Coming up with solid screenplay ideas that don’t suck is certainly important, but as a script reader too often I’ve seen story ideas derailed because of a crappy screenplay title.

So, in this column we’re gonna go over how to find a screenplay title that captures imaginations…and leads to hefty paychecks.

I’m not a good person.

I know this because not only do I constantly judge a book by its cover – and in these self publishing times that can tell you a lot – but 97.5% of the time I decide whether to see a movie based solely on its…


Not the trailer. (Those can be very deceptive.) Or the poster. (That tells me nothing.) Or the stars. (Unless Scarlett Johansson is starring.)

Nope, for me, it’s all about the title. So, I KNOW titles are important.

But many screenwriters think they need to WAIT to start writing until they have a title. Or aren’t sure even HOW to come up with a halfway decent title for their script.

So, here is a super-simple guide to creating a killer screenplay title:

Screenplay Title That Doesn’t Suck Tip #1: Name It Anything (It’ll Probably Change Anyway)

Titles are ALMOST always a marketing decision, after months of focus groups, development meetings, and overpriced lattes.

The examples are numerous but here are a couple of faves:

  • The original title for “Annie Hall” was “Anhedonia.” (Describe people who are clinically unable to be happy.)
  • Original title for “Halloween” was “The Babysitter Murders.”
  • Original title for “The Great Gatsby” – in what might be the WORST original title ever – was “Trimalchio at West Egg.”

And, in each of these cases, I would say, the movie was IMPROVED by the title change.

So, whatever you do, don’t WAIT till you find the perfect title before writing. (There’s little chance it’ll stay by the end.)

Screenplay Title That Doesn’t Suck Tip #2: Avoid Genre Norms

…that being said: having a good title can really help. Especially with queries and getting people interested in your script.

I can tell you, as a former script reader, I was always more jazzed by a title that seemed fresh and non-cliche. (Which might influence my coverage.)

And one of the quickest ways I know how to do this is to take your script genre’s accepted title format…and spin it on its ear.

For instance:

  • If you’re writing a thriller, avoid anything involving “heat” or condition that can be described as “fatal,” “sudden,” or “final.”
  • If you’re writing a comedy, avoid titles with song lyrics and cliched expressions. (They’ve all been used. There’s nothing new.)
  • If you’re writing a horror movie, try to avoid – if you can – anything filled with “terror,” “blood,” or “horror.” (Awww…but what fun is that?

Okay, so I’ve told you what you can’t do. How about what you can do.

How to evoke a new world with a screenplay title.

Screenplay titles work best when they evoke a word.

Screenplay Title That Doesn’t Suck Tip #3: Evoke a World (or Group of People)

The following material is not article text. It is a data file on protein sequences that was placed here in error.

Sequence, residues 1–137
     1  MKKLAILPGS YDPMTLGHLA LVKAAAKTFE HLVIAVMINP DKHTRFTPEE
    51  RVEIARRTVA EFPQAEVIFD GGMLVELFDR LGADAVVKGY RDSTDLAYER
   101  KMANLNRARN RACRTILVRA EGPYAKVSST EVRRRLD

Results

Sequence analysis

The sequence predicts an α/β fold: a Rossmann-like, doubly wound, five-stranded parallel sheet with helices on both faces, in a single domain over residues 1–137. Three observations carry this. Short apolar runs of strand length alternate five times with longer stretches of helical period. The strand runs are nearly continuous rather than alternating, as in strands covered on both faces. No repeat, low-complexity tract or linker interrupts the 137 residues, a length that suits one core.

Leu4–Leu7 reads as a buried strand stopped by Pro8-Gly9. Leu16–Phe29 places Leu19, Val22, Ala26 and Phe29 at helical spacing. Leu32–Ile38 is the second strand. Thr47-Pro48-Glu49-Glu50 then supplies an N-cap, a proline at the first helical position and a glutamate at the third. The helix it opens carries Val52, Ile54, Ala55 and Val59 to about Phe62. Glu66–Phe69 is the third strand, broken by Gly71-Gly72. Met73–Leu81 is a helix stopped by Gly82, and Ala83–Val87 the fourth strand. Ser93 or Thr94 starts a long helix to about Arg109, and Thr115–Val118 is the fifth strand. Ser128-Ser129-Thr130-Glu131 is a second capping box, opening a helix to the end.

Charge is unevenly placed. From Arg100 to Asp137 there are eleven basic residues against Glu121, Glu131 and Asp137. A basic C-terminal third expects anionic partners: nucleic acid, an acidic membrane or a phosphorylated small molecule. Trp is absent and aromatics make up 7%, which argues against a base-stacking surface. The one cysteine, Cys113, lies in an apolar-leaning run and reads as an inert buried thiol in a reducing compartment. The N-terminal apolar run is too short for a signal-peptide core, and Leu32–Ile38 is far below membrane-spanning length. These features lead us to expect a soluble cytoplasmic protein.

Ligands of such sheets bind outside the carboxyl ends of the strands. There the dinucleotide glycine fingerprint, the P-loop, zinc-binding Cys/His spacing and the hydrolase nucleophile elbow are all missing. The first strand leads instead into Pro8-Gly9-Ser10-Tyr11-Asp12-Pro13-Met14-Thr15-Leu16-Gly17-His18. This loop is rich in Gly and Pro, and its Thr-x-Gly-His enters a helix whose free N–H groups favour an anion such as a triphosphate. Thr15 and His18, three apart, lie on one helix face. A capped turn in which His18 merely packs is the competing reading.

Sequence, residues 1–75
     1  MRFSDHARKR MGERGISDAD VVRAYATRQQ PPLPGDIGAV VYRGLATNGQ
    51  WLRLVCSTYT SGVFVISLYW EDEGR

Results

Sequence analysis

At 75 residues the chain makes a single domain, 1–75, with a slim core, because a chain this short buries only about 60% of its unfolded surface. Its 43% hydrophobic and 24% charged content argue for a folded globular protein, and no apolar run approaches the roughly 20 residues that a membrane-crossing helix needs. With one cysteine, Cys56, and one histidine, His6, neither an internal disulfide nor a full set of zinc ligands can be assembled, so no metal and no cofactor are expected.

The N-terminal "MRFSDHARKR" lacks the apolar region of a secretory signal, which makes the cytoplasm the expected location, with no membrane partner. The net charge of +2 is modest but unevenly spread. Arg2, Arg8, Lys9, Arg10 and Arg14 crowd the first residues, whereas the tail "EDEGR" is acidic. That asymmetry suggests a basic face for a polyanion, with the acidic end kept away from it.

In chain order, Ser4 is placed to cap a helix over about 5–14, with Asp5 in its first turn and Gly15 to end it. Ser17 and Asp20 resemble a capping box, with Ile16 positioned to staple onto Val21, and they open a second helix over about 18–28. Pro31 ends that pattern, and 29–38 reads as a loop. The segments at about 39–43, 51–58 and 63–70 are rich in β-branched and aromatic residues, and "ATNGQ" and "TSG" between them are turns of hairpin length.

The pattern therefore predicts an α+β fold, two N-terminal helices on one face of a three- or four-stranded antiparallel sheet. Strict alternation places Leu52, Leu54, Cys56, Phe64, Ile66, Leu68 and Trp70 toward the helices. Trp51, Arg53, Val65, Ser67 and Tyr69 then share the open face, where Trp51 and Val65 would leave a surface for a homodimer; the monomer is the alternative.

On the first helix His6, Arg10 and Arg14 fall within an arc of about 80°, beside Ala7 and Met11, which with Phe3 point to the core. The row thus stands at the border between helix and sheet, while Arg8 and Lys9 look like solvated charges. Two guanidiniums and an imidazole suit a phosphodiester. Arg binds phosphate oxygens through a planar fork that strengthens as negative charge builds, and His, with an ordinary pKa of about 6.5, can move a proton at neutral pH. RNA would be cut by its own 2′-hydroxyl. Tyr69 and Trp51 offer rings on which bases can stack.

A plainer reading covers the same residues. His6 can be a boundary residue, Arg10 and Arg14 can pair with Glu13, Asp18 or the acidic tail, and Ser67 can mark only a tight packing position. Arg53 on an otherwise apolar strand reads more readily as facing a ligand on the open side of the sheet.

It could be just me, but I love titles that evoke a place. (Whether physical or psychological.) Or a group of specific people.

Doesn’t matter what genre; I think fixing your story to some “otherworld” or “insider group” is exciting for the reader/viewer – and doesn’t come off as cheesy. It can work for:

  • Thriller – “Shutter Island”
  • Romance – “The Bridges of Madison County”
  • Comedy – “Bridesmaids

Note: Directors love scripts with place titles. Means they get to shoot on location.

 Screenplay Title That Doesn’t Suck Tip #4: When in Doubt, Be Funny (or Crazy)

And if you don’t know what to do…then just go all-out and be as weird or funny or wild as you can be.

My favorite example of this, and a script I actually got to read in development, was “American Pie.”

The original title for this script, when it circulated around town, was “Untitled Teenage Sex Comedy We Know They’ll Never Make.”

How cool is that? (Wish the movie was half as cool as that title.)

Another great example is the underground script “Van Damme vs. Segal” which is about, you guessed it, a feud between Steven Segal and Jean Claude Van Damme.

By naming your script with a offbeat/funny title you give development folks a chance to brag about the scripts they read to their colleagues. And who knows…they just might like what they see enough to write you a check that will cure even the worst case of Anhedonia.


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About The Author

Michael Rogan
Editor, ScriptBully Magazine

Michael Rogan is a former screenplay reader and optioned screenwriter. He is also the founder and editor-in-chief of ScriptBully magazine, and has written a few non-sucky books including "How to Write a Book That Doesn't Suck (and Will Actually Sell)". He has made it his mission to help screenwriters kick ass - and rid the world of films based on action-figure lines.

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